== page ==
Prospero: “The solemn temples, the great globe itself,
Yea, all which it inherit, shall dissolve,
And, like this insubstantial pageant faded,
Leave not a rack behind. We are such stuff
As dreams are made on; and our little life
Is rounded with a sleep.”
–”The Tempest,” Act 4, scene 1
I’m writing this column on Easter weekend between holiday-related activities and food preparation. When you read this, Easter will be a memory and you’ll have moved on to other things.I love receiving your emails at email@example.com. Picture me, Monday morning at my desk at The Southampton Press. That’s when many readers email me, although it’s a tad late for the column. Please email me by Friday or Saturday, or better yet, a week ahead. Adding your listing at the last minute means I can’t do your project justice and the column ends up patched together like a crazy quilt.
I studied creative writing at Binghamton University—which causes any journalist or editor of this paper to shudder. Facts are fine, but one can’t thrive on facts alone. A world without literature and creativity would be incomprehensibly dull—at least that’s what I think.
At the Montauk Library I attended a reading of “The Tempest” on the evening of Saturday, April 12. With numerous Easter and other last minute requests on the docket here last week, I ran out of space to describe this extraordinary event. As introduction, library programs director Carolyn Balducci said she’d never tempt fate by holding a reading of “The Tempest” in August or September, not in Montauk!
Shakepeare’s plays are easier to understand when seen live upon a stage, or in this case, read live for an appreciative audience. I think back to the overview of a Shakespeare college course I attended. It was overloaded with historical plays about unfamiliar English kings and I’m amazed by how many plays we read in one semester. We must have zipped through one play per week. The best thing I took away was a thick volume of Shakespeare’s complete works, which I have to this day.
I learned or re-learned at the recent Montauk Library reading that “The Tempest” is thought by many scholars to have been Shakespeare’s last play. Director Josh Grobin, taking the role of Prospero, in the final scene broke his staff, (a simple tree branch), over his knee. This seemed to represent Shakespeare formally relinquishing the role of playwright.
“The Tempest” calls for only one female role, Miranda. Director Grobin had cast three additional women who read male roles. In Shakespearean times it was common to have men playing women, not the reverse. Kate Mueth as Caliban; Chloe Dirksen as Ariel and Lydia Franco Hodges as Stephano were all excellent! Ms. Hodges had her hair bound up in a turban. As drunken Stephano became increasingly agitated by the turn of events his turban started to unwind. Comic results may or may not have been planned. The vitality of the ladies playing men truly brought “The Tempest” alive.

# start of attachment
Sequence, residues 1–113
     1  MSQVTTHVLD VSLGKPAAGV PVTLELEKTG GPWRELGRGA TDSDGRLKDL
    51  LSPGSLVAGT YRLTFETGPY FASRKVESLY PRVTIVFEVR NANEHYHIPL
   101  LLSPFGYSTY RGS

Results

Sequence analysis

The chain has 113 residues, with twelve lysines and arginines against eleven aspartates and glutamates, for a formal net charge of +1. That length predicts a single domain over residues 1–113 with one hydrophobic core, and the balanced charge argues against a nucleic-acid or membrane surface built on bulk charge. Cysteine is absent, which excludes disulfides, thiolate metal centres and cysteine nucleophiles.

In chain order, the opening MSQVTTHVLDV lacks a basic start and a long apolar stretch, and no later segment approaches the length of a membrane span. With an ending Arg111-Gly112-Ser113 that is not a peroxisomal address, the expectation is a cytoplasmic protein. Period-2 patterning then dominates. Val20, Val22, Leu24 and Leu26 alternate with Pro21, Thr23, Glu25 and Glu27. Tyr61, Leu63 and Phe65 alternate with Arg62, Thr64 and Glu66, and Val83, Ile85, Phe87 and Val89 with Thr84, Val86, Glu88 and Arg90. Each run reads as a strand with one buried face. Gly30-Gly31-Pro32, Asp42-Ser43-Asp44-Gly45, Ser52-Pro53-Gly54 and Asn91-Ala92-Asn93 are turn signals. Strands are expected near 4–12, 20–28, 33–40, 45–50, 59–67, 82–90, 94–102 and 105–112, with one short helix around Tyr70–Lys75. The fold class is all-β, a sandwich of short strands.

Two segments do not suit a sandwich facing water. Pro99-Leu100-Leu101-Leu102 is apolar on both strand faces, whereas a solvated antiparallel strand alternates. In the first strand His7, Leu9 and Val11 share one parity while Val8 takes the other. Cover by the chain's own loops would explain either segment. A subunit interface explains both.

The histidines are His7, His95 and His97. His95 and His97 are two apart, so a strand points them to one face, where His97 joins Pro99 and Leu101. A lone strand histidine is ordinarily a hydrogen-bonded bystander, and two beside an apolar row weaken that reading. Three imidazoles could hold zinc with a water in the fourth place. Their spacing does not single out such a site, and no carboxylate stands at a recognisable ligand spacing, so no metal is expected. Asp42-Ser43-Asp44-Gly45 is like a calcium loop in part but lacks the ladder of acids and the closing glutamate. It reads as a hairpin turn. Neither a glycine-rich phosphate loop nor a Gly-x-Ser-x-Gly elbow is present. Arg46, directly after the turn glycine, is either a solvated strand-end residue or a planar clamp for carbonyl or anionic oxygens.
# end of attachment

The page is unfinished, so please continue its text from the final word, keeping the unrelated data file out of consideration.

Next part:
Briefly, in events for this week, Army Corps and NYSDEC will unveil their downtown Montauk beach proposal today, Wednesday, April 23, at 1 p.m. during a special informational meeting in the large meeting room at Town Hall in East Hampton. Steve Couch, chief of the Army Corps’ coastal section of the New York District, and Susan McCormick, chief of the DEC’s Coastal Erosion Management Section and Bureau of Flood Protection and Dam Safety, will be among the presenters. The public will be able to pose questions to the Army. U.S. Representative Tim Bishop, State Assemblyman Fred W. Thiele Jr. and Suffolk County Legislator Jay Schneiderman have been invited to attend.
Montauk’s sixth annual Concert for the Concerts at Bavarian Bierhouse, Zum Schneider, is this Sunday, April, 27 from 3 to 7 p.m. A donation of $10 per person can be paid at the door and kids accompanied by an adult are admitted for free. Raffles and prize drawings will be available along with a free raffle for kids.
This year’s concert features Gene Casey and the Lone Sharks, Sound Source and The Blue Collar Band, all featured in the upcoming summer concerts both on the Green on Monday nights and at Gosman’s Dockside Stage on some Sunday nights.
A light menu that includes kid-friendly choices will be featured. You’ll also find the selection of brews for which Zum Schneider is famous. For more information, call the Montauk Chamber of Commerce at 668-2428 or visit the chamber’s Facebook page.
The annual Montauk Library budget vote takes place this Saturday, April 26, from 2 to 8 p.m. Two Trustees, Linda Barnds and Joan Lycke, are running for five year terms.
Ms. Korpi, head of children’s programs at the library sends word that puppet show prep and rehearsals are going well. She can still use more actors! Sixth- to eighth-graders can join in for community service or just for fun at the next meeting, this Saturday, April 26. Family Time is from 2:30 to 3:15 p.m. From 3:15 to 4:15 p.m. join in for puppet show prep and rehearsal and set decorating with all ages invited. Join in for crafts, games, and family fun or give acting a try! No memorization is required. The event is free of charge. Visitors are welcome.
Also this Saturday from 7:30 to 9 p.m. at the library, Mel Mendelssohn brings “Celebrating Shakespeare,” a world premiere performance of exquisite songs for voice and lute. Joining him will be Rebekah White, Jere Jacobs, James Kerr and Dee Laveglia. As you may recall, I’ve recently discovered a love of madrigals. Hope to see you there!